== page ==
Itō Takashi (伊藤孝之) (artist 1894 – 1982)

Takahashi Ito



Itō Takashi was one of the lesser known landscape artists who designed prints for the shin hanga publisher Watanabe Shozaburo. Like several other print artists of this period, including Ito Shinsui and Kawase Hasui, Ito Takashi studied painting under Kaburagi Kiyokata. In addition, he attended the Tokyo School of Fine Arts and studied with Yuki Somei. Takashi primarily worked as a painter and designed woodblocks intermittently. He designed about 85 woodblock prints during his life, from the early 1920's through 1965.

Many of Takashi's early woodblock prints were only printed in one or two colors, because he was still experimenting with composition and design. These prints were probably not widely distributed. In 1923, a devastating earthquake struck Tokyo destroying the blocks for Takashi's early prints. However, at least one print, Ferry at Odai, Tokyo, was recarved by Watanabe's craftsmen and reprinted for many years afterwards.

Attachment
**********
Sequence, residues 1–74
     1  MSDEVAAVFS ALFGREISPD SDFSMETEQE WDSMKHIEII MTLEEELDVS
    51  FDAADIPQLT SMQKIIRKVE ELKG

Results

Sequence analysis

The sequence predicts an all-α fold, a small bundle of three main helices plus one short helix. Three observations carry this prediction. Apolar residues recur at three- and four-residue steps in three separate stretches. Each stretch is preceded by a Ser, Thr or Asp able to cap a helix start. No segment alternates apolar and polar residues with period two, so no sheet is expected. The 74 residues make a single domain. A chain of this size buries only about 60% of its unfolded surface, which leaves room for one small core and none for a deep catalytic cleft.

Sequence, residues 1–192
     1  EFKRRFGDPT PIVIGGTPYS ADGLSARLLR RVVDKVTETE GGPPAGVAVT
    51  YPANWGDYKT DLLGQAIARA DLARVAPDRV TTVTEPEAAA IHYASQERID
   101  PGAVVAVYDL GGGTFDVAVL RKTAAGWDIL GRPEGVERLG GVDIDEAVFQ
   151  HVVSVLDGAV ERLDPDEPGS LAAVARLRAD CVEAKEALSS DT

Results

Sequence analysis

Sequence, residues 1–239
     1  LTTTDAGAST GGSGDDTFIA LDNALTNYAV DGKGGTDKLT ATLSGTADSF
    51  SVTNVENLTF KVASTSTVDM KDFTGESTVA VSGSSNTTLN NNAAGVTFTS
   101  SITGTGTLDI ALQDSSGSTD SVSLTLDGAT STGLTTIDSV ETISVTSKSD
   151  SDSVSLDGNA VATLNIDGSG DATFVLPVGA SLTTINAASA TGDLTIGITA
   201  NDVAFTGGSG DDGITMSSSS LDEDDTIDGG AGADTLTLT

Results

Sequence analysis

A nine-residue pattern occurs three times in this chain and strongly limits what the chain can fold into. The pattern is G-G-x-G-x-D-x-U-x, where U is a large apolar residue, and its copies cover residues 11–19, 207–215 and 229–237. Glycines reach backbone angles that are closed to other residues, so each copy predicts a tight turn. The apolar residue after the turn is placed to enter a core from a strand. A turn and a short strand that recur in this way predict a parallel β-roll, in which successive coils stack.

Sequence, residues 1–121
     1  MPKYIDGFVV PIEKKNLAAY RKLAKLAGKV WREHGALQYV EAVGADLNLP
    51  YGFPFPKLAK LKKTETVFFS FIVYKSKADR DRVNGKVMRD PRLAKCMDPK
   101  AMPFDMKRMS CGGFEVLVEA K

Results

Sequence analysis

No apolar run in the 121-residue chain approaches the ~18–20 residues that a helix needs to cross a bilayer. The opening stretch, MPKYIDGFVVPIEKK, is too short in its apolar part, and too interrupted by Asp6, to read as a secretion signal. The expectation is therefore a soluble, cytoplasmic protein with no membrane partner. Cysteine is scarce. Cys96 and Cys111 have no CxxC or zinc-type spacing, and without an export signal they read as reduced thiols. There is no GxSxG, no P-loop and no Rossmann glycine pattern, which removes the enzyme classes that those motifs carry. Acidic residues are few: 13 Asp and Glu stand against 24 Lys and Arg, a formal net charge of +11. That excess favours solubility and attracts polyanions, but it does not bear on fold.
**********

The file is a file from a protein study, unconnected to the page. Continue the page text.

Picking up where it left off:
Many of Takashi's prints are idealistic images that emphasize the beauty of the unspoiled Japanese landscape. He enjoyed depicting dramatic seasonal and weather phenomena and often used bright, almost surreal colors to emphasize these changes. Occasionally people are part of his designs, but they are always incidental, solitary figures. A typical print, Takegawa River at Dawn, shows man living in harmony with nature. Takashi's prints evoke the Japan of old and represent the height of romantic shin hanga landscapes.

This information is taken directly from Hanga Gallery.


Illustrated in color on page six of 懐かしい風景: 伊藤孝之木版画展, 1997.